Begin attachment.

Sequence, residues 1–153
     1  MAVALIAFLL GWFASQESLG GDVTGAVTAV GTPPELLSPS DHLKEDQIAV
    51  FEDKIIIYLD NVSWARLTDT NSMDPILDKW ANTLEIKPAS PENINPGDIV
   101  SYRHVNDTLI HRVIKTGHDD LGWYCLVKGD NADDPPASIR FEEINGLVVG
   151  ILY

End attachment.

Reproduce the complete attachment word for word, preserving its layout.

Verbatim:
Sequence, residues 1–153
     1  MAVALIAFLL GWFASQESLG GDVTGAVTAV GTPPELLSPS DHLKEDQIAV
    51  FEDKIIIYLD NVSWARLTDT NSMDPILDKW ANTLEIKPAS PENINPGDIV
   101  SYRHVNDTLI HRVIKTGHDD LGWYCLVKGD NADDPPASIR FEEINGLVVG
   151  ILY